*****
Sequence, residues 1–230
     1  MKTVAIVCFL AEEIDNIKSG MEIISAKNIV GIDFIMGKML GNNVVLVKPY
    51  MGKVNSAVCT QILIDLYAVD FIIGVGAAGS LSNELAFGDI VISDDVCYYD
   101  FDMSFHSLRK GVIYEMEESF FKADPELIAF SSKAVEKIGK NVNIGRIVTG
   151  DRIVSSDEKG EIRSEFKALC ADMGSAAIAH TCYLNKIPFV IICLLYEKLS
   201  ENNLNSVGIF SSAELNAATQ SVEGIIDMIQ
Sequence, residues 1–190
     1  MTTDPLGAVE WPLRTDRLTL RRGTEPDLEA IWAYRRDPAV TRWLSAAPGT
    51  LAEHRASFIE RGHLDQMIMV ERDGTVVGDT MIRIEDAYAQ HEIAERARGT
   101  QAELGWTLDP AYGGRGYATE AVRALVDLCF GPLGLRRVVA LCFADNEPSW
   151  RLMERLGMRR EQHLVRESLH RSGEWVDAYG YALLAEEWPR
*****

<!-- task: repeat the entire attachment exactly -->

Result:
Sequence, residues 1–230
     1  MKTVAIVCFL AEEIDNIKSG MEIISAKNIV GIDFIMGKML GNNVVLVKPY
    51  MGKVNSAVCT QILIDLYAVD FIIGVGAAGS LSNELAFGDI VISDDVCYYD
   101  FDMSFHSLRK GVIYEMEESF FKADPELIAF SSKAVEKIGK NVNIGRIVTG
   151  DRIVSSDEKG EIRSEFKALC ADMGSAAIAH TCYLNKIPFV IICLLYEKLS
   201  ENNLNSVGIF SSAELNAATQ SVEGIIDMIQ
Sequence, residues 1–190
     1  MTTDPLGAVE WPLRTDRLTL RRGTEPDLEA IWAYRRDPAV TRWLSAAPGT
    51  LAEHRASFIE RGHLDQMIMV ERDGTVVGDT MIRIEDAYAQ HEIAERARGT
   101  QAELGWTLDP AYGGRGYATE AVRALVDLCF GPLGLRRVVA LCFADNEPSW
   151  RLMERLGMRR EQHLVRESLH RSGEWVDAYG YALLAEEWPR